Research on wildlife in 11 British overseas territories has highlighted the urgent need for protection of some endangered species, which are threatened by climate change, mass tourism and habitat loss.
The report, led by the Royal Society for the Protection of Birds (RSPB) and funded by the Foreign and Commonwealth Office, said that 94% of unique British species live in overseas territories, with more than 1,500 species found nowhere else on Earth.
Some of these include the Virgin Islands’ dwarf gecko, the flightless moth found on Tristan da Cunha and the Grand Cayman’s large blue iguana.
Tim Stowe, RSPB’s international director, said, “Not only are the UK’s overseas territories wildlife jewels, but also they hold some of most globally important UK wildlife.
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“This report reminds us that these species are solely the UK’s responsibility, and we need to ensure that the investment in conservation in the territories rises to a level that is proportionate to their world importance.”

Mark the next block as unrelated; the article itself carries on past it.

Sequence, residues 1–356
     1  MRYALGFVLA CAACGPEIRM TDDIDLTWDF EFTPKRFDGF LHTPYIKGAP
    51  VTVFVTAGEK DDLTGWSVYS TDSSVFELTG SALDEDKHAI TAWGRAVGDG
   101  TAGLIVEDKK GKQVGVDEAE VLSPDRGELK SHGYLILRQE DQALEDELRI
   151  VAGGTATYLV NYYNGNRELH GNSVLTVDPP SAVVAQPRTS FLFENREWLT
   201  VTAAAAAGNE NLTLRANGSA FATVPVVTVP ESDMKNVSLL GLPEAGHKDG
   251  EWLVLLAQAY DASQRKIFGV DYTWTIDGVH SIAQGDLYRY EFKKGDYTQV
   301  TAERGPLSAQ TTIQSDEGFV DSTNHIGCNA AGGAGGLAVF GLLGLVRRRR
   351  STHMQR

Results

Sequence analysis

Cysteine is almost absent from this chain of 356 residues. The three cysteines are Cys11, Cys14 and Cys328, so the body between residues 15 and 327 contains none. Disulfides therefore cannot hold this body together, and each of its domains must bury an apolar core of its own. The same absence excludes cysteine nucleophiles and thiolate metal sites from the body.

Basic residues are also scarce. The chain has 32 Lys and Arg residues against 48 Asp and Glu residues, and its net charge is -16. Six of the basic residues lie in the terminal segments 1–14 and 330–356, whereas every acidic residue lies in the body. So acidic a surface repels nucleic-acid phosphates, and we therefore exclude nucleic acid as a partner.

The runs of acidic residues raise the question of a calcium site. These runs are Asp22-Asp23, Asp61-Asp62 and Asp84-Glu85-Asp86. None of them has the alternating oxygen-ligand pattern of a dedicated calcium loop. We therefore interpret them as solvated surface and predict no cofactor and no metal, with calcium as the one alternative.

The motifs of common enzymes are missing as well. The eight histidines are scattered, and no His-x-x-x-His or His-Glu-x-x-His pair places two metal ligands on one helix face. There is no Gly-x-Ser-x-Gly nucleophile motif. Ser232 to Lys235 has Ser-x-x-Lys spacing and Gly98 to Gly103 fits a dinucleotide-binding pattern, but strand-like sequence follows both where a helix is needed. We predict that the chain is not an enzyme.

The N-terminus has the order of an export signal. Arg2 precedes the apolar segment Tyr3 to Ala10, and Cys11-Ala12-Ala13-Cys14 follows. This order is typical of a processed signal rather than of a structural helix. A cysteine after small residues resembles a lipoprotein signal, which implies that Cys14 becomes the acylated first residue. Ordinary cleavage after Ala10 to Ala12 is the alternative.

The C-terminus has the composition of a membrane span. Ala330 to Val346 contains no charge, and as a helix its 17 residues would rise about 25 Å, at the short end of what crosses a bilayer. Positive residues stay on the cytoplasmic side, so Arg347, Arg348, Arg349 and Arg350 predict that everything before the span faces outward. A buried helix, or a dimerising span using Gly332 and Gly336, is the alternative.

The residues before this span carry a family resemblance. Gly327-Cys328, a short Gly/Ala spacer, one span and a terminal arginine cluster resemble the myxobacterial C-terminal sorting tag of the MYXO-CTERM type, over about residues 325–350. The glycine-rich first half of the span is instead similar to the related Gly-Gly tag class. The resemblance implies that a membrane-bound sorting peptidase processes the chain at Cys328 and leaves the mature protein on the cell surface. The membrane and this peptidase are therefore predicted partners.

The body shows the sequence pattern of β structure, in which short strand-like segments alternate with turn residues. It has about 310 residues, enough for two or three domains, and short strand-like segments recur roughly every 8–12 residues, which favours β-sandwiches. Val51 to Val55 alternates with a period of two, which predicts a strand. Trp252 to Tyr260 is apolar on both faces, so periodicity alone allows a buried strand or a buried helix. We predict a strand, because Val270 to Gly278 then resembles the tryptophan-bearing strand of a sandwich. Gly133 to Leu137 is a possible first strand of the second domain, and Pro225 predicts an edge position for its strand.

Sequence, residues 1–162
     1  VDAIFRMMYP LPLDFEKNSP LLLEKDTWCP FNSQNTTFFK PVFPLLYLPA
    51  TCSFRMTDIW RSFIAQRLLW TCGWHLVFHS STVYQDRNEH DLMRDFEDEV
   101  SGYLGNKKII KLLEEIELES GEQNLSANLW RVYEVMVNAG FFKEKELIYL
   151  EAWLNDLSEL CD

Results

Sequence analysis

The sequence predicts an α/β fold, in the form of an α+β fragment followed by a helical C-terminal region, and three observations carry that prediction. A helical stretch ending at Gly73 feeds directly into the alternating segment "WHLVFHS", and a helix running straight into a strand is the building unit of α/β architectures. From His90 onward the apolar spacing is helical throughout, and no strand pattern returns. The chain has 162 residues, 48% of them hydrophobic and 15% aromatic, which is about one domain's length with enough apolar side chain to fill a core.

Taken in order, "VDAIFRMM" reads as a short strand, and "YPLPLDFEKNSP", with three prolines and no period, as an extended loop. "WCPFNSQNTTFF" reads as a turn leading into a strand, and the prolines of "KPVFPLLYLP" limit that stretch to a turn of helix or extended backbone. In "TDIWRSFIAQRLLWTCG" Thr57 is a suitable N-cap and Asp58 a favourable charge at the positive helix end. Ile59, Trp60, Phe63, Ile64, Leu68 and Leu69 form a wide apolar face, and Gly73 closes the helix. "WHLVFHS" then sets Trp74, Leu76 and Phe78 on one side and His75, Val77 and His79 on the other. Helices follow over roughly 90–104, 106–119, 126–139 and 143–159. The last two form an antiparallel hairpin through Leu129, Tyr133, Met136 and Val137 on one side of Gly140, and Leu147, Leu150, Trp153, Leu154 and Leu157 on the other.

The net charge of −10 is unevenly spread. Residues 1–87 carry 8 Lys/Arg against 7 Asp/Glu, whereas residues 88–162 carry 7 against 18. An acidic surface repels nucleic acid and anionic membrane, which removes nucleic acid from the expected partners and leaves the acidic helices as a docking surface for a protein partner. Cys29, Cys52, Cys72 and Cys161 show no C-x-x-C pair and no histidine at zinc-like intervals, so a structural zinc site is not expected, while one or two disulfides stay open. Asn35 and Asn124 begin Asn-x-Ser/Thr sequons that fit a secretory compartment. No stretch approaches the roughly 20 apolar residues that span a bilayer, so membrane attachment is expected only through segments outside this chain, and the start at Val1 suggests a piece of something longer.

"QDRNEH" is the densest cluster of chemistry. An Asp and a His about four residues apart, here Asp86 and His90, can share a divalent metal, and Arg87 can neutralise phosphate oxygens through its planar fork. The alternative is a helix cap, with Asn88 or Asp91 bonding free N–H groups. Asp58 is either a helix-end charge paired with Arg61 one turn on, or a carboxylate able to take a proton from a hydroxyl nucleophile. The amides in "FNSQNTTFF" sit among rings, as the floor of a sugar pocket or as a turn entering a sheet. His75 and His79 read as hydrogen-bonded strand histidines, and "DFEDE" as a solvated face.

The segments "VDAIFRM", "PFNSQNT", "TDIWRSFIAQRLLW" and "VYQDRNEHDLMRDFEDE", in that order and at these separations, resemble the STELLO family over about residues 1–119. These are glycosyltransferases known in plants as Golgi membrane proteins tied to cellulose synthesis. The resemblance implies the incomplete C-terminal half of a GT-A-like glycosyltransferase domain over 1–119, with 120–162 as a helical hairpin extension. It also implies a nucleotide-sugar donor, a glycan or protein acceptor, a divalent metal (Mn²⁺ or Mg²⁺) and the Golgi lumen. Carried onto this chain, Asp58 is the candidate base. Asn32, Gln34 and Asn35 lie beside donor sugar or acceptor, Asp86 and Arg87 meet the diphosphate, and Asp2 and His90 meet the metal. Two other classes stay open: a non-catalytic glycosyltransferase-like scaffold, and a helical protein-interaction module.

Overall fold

However, climate change, the invasion of non-native species and tourism development are putting enormous pressure on these species, many of which are critically endangered.
For many others, it is impossible to assess their conservation status, and for this reason, conservationists have urged the government to outline plans to find out the status of all species.
Writing in a foreword to the report, minister for the overseas territories Mark Simmonds said, “Some of the species and habitats present on the UK’s overseas territories are found nowhere else on Earth. This government is proud of such rich and unique natural heritage and recognises that many of these environmental assets would be irreplaceable if lost.”
Earlier this year, the government faced criticism for its lack of adequate measures to preserve biodiversity outside the British Isles.
Photo: Pete Markham via flickr